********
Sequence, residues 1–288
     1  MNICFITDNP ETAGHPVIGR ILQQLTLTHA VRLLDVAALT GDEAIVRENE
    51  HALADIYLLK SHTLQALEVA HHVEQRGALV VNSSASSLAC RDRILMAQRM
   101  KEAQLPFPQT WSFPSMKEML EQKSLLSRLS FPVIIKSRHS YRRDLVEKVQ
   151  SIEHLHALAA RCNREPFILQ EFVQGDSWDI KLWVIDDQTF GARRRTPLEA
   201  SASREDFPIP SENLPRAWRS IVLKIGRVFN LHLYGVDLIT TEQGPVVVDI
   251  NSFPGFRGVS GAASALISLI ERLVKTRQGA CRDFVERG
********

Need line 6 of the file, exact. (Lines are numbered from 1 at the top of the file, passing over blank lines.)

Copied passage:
   201  SASREDFPIP SENLPRAWRS IVLKIGRVFN LHLYGVDLIT TEQGPVVVDI